SuperFreakonomics: Global Cooling, Patriotic Prostitutes, and Why Suicide Bombers Should Buy Life Insurance

· Sold by Harper Collins
4.3
51 reviews
Ebook
320
Pages
Eligible

About this ebook

Freakonomics lived on the New York Times bestseller list for an astonishing two years. Now authors Steven D. Levitt and Stephen J. Dubner return with more iconoclastic insights and observations in SuperFreakonomics—the long awaited follow-up to their New York Times Notable blockbuster. Based on revolutionary research and original studies SuperFreakonomics promises to once again challenge our view of the way the world really works.

4.3
51 reviews
William Pflueger
July 28, 2015
I always like books that allow me to see a new and interesting side to the world. In SuperFreakonomics Steven Levitt continues his fascinating journey of the everyday and sometimes mundane world through the eyes of an economist. This book allows readers to get an accurate grasp about the scale of events, like failed terrorist attempt, on everyday life. He does this by providing insightful facts and statistics all while clearly explaining how they involve everyone. On every page of this book I learn something new. I would recommend this to anyone who wants to learn more about anything. The only sticking point about how this book is written is that there are some tangents that bring the reader off the main point of the chapter. But even the tangents are interesting and insightful. This is a great book.
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Andy Martone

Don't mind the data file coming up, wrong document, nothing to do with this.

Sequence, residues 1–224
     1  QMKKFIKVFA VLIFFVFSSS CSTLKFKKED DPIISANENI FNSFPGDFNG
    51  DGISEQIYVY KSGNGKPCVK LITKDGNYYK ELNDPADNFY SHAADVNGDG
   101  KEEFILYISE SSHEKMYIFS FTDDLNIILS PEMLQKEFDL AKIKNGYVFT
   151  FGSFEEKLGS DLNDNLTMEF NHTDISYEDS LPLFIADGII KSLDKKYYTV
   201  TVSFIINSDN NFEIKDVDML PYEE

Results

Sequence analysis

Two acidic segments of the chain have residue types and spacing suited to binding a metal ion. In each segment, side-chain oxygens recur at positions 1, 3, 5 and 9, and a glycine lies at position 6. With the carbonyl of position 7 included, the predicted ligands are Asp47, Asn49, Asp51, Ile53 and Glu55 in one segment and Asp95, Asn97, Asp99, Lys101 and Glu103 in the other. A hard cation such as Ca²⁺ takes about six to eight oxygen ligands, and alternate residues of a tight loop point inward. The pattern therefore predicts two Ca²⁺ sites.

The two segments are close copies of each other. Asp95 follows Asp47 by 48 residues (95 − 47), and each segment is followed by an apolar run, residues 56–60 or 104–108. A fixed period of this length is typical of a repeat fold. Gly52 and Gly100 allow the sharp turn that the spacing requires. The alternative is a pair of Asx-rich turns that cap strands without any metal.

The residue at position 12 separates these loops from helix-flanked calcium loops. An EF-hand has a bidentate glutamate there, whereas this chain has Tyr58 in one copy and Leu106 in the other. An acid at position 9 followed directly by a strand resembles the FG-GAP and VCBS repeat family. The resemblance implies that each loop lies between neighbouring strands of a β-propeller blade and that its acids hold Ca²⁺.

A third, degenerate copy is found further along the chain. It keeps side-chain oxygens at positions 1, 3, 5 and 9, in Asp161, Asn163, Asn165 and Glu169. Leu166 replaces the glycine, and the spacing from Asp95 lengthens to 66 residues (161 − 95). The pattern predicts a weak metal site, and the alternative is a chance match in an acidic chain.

July 3, 2017
Their insane defense of patent trolls made me question their judgement on everything else they've ever written.
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jack jackson
February 4, 2016
Just read it
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About the author

Steven D. Levitt, a professor of economics at the University of Chicago, was awarded the John Bates Clark Medal, given to the most influential American economist under forty. He is also a founder of The Greatest Good, which applies Freakonomics-style thinking to business and philanthropy.

Stephen J. Dubner, an award-winning journalist and radio and TV personality, has worked for the New York Times and published three non-Freakonomics books. He is the host of Freakonomics Radio and Tell Me Something I Don't Know.

Stephen J. Dubner is an award-winning author, journalist, and radio and TV personality. He quit his first career—as an almost rock star—to become a writer. He has since taught English at Columbia, worked for The New York Times, and published three non-Freakonomics books.

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